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Initial renderings that accompanied a redevelopment application for a 50-foot lot at 2165 Gerrard St. East in Toronto.

Galbraith & Associates

Toronto’s east end, like much of the city, is full of low-density, single-family, suburban-style homes. The house at 2165 Gerrard St. E. is one of them.

There are detached houses on either side, and across the street. On the nearest corner, there’s a small, low-rise apartment building. At 2165 Gerrard East, there was a recent development proposal to split the 50-foot lot in two. Such decisions are normally automatic.

But the proposal hit a wall of bureaucratic opposition.

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Instead of two new detached houses, or maybe a fourplex, the developer wanted to build two semi-detached buildings and two laneway suites, for a total of 10 family-sized rental units. This should not have a been a problem. The plan looked to fit within all of Toronto’s many, many zoning restrictions.

Yet at the Dec. 2 meeting of the Committee of Adjustment, staffed by Torontonians chosen by city council, the proposal was rejected. One committee member said the plan was not “in the best interest of the community,” that it was “too dense,” and, evoking the deepest fears of all NIMBYs everywhere, “I really have serious concerns as to where this consent may lead us.”

All of this in a neighbourhood that is one of the most transit-rich in Toronto – there’s a streetcar out front, a GO station a couple of blocks away and a subway station a couple of blocks further. It’s not exactly the kind of place where a proposal for 10 low-rise rental units should be taken as a harbinger of ruin.

The story of 2165 Gerrard East shows where on-the-ground reality undermines the emerging broader ambitions of a city. Almost two-thirds of Toronto’s residential land is reserved for detached homes, the so-called yellowbelt. That is typical of Canadian cities. The housing needed for a constantly growing population is restricted to a few areas, where increasingly tall towers are erected. This tall-and-sprawl straitjacket dominates development.

What’s missing is what’s called the missing middle. What was proposed on Gerrard East is an example. The new buildings would not have been taller than adjacent houses, though more people could have lived there. Other forms of missing middle housing include townhomes and low-rise apartments. This is how, decades ago, cities used to be built, before owners of detached homes demanded walled-off zoning to keep out the riff raff who rent.

If Toronto’s yellowbelt was opened even a little bit to something new, there could be all kinds of excellent new housing. The best cities are more than tall and sprawl.

There are signs of change, though they are coming slowly.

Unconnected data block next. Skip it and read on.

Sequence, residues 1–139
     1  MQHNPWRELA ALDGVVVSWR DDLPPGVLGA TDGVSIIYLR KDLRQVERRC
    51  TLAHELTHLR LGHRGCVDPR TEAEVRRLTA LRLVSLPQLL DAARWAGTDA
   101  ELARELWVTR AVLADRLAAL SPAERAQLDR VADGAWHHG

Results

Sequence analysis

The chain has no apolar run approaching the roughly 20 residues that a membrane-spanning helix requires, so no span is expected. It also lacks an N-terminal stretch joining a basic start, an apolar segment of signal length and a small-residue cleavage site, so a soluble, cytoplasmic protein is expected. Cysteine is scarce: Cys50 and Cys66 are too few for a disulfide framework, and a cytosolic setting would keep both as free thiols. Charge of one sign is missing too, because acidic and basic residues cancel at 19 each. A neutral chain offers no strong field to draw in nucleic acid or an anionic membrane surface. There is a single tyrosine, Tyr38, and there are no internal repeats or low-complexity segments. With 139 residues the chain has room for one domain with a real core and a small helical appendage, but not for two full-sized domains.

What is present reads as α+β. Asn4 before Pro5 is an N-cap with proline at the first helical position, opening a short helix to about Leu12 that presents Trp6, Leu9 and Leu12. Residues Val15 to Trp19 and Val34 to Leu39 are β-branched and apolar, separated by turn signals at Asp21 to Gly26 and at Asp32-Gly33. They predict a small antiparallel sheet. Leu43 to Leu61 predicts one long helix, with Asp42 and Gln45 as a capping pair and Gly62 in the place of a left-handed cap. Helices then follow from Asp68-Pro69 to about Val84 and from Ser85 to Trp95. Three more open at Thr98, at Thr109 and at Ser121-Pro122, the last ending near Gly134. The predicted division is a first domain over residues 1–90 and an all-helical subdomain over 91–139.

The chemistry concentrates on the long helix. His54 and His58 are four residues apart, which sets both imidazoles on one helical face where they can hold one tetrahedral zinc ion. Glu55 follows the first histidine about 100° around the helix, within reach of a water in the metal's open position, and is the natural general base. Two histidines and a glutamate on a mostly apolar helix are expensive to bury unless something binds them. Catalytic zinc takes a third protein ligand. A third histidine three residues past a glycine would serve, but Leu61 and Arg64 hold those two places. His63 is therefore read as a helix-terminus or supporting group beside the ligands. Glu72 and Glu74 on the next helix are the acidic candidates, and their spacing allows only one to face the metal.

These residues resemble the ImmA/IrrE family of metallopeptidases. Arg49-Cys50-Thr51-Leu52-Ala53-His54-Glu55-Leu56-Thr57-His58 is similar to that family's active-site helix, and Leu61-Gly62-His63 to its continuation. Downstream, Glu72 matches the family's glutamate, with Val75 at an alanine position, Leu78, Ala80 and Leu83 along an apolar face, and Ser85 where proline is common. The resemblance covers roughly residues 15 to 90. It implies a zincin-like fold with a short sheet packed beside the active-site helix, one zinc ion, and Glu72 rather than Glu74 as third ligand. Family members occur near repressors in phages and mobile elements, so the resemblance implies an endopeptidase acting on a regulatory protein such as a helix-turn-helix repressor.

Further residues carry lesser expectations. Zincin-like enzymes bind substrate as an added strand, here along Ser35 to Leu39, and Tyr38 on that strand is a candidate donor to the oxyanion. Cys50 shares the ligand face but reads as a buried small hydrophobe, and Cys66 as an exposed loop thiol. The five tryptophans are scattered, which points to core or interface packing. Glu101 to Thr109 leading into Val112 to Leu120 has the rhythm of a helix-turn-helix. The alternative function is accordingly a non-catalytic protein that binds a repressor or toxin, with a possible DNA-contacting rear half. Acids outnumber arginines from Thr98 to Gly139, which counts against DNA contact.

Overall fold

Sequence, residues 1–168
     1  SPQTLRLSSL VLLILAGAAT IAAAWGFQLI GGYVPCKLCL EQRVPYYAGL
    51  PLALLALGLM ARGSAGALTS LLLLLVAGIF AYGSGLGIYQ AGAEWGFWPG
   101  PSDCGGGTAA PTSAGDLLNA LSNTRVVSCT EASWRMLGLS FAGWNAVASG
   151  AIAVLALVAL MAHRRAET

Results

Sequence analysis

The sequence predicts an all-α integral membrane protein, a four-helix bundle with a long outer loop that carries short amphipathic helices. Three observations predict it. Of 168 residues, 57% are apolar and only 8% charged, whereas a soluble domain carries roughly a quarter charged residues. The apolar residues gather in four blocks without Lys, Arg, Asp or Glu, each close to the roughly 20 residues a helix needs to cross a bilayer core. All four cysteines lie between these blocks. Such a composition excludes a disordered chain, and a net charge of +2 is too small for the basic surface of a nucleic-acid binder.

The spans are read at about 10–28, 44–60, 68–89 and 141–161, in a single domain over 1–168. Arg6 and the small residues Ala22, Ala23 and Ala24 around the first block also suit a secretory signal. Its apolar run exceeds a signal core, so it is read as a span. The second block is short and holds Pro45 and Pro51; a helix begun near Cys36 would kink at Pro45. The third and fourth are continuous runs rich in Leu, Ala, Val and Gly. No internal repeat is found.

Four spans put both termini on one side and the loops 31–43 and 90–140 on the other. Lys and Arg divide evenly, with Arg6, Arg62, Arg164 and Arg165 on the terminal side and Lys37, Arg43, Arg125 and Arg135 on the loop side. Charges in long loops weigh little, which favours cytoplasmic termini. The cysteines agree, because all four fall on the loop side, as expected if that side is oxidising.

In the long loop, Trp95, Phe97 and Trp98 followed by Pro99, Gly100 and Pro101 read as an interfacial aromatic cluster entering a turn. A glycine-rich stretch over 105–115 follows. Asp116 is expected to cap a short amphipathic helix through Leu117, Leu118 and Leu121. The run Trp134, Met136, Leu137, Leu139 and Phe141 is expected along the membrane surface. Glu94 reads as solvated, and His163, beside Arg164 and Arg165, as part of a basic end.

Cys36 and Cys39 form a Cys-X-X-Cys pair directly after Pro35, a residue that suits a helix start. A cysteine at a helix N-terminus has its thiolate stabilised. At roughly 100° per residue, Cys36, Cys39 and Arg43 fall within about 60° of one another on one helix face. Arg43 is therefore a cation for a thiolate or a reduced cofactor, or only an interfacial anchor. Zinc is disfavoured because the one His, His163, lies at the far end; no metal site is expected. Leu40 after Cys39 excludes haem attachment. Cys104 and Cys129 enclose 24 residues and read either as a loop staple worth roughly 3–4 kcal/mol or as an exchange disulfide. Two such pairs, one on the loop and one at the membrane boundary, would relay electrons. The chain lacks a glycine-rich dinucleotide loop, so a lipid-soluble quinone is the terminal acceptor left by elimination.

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Last summer, Toronto City Council passed the “expanding housing options in neighbourhoods” plan. It aims to move, even so tentatively, in the right direction. For now, the measure has many months of review and study to come, leaving the city stuck in pondering mode.

Vancouver also steps cautiously toward expanding the missing middle. The primary vehicle is a citywide plan, which its city council launched in late 2018 but which won’t be finished until mid-2022.

The future might arrive – eventually.

It may surprise to hear that Edmonton is at the fore. The city council there has been making smart moves. Last year, it approved zoning changes in some areas to allow missing middle housing. Last summer, the city was the first in Canada to eliminate parking minimums; arbitrary rules forcing developers to build a fixed amount of parking in new housing. This month, council approved a new city plan, whose goals include having half of all new housing be infill, and creating so-called 15-minute districts. Like the missing middle, the idea of a 15-minute city, where people can meet their daily needs within 15 minutes of home, on foot or bike, harks back to the past, when the car did not dominate.

There has been an important shift in thinking over the past couple of years, though opposition of the type that sank plans at 2165 Gerrard St. E remains deeply entrenched.

The thing about the missing middle is that it’s not some radical idea that demands the overhauling of everything. It’s a minor evolution, not a big revolution. Small changes – a little more building height and size in existing neighbourhoods; a little less parking – can be transformative. Cities can grow without expanding. And they can change for the better, without changing much at all.

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